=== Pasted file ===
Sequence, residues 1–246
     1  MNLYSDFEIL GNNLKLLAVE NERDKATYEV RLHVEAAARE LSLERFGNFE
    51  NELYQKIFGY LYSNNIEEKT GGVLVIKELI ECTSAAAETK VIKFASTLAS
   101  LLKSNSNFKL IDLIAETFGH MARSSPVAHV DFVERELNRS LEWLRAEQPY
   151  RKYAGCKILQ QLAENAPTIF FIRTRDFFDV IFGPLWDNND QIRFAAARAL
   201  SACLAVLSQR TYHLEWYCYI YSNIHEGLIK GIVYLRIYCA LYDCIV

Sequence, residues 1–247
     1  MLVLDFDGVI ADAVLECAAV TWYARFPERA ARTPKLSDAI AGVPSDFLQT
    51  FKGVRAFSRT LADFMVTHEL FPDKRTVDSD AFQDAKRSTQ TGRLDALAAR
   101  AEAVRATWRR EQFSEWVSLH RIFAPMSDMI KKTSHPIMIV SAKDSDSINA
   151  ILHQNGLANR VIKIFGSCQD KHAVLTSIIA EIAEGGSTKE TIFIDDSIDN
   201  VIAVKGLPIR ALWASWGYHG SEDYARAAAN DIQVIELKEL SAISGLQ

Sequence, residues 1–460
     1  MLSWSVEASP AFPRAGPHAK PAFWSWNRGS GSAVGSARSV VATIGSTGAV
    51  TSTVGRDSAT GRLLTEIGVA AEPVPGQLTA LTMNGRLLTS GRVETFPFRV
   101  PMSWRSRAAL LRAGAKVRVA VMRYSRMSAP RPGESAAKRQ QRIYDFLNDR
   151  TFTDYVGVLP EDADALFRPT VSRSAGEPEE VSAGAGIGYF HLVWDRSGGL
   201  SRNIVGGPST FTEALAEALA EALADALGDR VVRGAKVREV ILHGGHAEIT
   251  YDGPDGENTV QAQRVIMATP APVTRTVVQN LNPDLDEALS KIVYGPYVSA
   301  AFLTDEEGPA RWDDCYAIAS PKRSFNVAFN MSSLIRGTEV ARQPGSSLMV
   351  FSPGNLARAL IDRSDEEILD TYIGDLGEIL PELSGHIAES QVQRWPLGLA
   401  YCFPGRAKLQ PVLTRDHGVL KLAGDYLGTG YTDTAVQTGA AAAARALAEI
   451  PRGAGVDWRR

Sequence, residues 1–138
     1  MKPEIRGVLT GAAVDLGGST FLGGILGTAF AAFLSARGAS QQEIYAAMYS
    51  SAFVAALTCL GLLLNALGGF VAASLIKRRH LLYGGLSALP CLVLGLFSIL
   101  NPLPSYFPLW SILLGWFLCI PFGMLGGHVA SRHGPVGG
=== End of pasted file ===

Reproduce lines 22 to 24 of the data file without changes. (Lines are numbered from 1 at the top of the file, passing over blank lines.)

   401  YCFPGRAKLQ PVLTRDHGVL KLAGDYLGTG YTDTAVQTGA AAAARALAEI
   451  PRGAGVDWRR

Sequence, residues 1–138